Electric vehicles are not the answer for Ohio's shuttered GM plant

Electric vehicles are not the answer for Ohio's shuttered GM plant
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The final Chevrolet Cruze sedan rolled down the assembly line at General Motors’ Lordstown, Ohio, plant on Wednesday, putting 1,500 workers out of work or looking for transfers and leaving local officials scrambling for ways to re-open the plant.

Located midway between Cleveland, Ohio and Pittsburgh, Pa., the plant is the first of five GM assembly operations in North America scheduled to end production by the end of 2020.


Once employing some 3,000 workers, the Lordstown plant had experienced constant production cutbacks and employee layoffs in recent years due to slumping sales as consumers opted for sport-utility vehicles instead of traditional cars like the Chevrolet Cruze.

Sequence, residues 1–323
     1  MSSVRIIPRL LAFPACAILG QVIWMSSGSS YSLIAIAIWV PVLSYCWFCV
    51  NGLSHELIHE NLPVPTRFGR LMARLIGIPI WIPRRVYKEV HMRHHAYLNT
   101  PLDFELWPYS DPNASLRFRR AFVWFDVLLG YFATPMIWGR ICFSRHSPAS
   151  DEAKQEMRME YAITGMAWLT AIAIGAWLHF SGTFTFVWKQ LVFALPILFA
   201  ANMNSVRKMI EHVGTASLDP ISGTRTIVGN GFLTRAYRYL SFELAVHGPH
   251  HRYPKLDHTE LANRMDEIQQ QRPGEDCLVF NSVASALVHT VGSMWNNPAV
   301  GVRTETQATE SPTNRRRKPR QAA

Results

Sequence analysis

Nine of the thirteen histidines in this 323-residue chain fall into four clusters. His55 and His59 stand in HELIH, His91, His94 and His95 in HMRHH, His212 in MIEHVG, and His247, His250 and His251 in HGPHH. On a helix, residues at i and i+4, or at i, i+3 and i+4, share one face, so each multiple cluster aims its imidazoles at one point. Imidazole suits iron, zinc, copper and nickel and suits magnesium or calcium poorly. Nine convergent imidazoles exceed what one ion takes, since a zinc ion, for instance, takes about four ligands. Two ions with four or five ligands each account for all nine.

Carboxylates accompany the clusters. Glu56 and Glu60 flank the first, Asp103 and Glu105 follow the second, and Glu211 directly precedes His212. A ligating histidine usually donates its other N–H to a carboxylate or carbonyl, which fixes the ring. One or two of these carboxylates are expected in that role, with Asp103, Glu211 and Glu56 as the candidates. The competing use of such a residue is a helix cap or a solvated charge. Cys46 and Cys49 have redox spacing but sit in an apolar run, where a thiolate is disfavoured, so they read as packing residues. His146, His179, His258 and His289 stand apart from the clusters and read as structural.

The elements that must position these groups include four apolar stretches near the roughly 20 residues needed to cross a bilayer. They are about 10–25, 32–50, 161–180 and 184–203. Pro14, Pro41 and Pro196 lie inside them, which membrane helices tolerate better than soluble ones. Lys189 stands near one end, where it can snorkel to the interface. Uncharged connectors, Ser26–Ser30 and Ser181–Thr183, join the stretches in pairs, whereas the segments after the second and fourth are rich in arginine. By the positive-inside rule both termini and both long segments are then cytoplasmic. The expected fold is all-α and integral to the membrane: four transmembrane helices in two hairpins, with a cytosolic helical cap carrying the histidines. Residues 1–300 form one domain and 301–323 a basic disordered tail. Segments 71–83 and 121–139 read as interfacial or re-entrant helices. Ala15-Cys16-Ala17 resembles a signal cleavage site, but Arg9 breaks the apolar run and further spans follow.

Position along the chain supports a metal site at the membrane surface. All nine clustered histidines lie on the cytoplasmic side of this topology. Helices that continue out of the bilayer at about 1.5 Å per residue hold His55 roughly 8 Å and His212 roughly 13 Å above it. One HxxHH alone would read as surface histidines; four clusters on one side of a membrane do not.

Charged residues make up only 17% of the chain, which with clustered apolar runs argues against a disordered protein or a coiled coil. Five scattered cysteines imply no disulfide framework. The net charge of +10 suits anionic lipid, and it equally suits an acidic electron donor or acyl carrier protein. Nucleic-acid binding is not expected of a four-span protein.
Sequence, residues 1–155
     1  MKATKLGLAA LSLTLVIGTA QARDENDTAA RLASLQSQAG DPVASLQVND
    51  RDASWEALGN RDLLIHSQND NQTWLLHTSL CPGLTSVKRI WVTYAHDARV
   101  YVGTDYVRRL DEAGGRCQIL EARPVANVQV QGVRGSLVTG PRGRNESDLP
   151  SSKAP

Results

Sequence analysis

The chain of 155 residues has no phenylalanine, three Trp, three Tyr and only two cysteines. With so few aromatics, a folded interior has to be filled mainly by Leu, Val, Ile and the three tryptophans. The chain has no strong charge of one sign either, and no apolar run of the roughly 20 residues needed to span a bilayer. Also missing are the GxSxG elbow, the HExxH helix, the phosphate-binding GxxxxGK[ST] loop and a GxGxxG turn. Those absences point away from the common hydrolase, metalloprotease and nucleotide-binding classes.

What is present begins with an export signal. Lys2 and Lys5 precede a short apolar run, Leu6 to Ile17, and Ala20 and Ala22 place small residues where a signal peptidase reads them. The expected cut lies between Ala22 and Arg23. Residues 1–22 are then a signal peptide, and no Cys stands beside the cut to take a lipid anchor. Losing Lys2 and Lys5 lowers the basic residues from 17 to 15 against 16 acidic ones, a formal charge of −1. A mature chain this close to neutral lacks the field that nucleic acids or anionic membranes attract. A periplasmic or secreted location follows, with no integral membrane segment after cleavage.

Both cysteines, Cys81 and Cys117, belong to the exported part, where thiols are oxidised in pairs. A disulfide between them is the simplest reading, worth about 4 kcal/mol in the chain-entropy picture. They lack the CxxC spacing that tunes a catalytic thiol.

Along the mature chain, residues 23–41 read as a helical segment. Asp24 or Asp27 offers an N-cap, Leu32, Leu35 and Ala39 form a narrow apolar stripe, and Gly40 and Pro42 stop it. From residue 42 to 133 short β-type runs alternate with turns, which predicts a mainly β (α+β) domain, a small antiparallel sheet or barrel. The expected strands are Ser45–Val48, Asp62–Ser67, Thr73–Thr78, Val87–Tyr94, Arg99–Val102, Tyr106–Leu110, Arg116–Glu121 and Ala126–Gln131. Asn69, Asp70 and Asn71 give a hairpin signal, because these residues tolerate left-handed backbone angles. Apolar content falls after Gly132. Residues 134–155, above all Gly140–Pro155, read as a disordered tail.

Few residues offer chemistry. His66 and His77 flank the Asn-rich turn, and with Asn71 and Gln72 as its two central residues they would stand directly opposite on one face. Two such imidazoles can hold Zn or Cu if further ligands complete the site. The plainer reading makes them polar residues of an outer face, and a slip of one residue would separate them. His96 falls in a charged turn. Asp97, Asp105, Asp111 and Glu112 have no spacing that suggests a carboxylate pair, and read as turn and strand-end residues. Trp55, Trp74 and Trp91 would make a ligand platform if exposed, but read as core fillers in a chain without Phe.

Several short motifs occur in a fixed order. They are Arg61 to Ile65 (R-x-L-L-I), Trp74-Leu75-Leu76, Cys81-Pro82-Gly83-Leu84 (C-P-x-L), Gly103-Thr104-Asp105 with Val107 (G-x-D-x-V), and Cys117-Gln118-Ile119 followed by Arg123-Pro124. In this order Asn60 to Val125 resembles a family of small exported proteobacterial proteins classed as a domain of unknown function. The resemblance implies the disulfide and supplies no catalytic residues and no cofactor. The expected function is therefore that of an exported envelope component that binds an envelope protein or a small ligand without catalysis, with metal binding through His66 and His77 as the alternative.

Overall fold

Workers are understandably sad and angry. They argue the workers and taxpayers stood by GM through its 2009 bankruptcy. They insist GM vehicles made in Mexico, like the recently introduced Chevrolet Blazer, should have gone to their plant.

The UAW that represents Lordstown workers has filed a federal lawsuit against GM, accusing the automaker of breaking its promise to them by breaching a labor contract.

Ohio’s two U.S. senators also expressed dismay at GM’s decision, which leaves the state without a GM assembly plant for the first time in nearly 100 years. Both suggested options, neither of which seem likely solutions.

Sen. Rob Portman (R-Ohio) said he will keep pressing GM to find a new product for the plant to build, possibly an electric vehicle: “GM says it will produce 20 new electric vehicles by 2023 and, at the very least, one of those should be in Lordstown,” Portman told the media, adding that not all GM EVs should be built in China.

An electric vehicle for Lordstown is no panacea. The best job security for workers at auto assembly plants is to build compelling vehicles that consumers really want to buy and that generate decent profits for the manufacturer.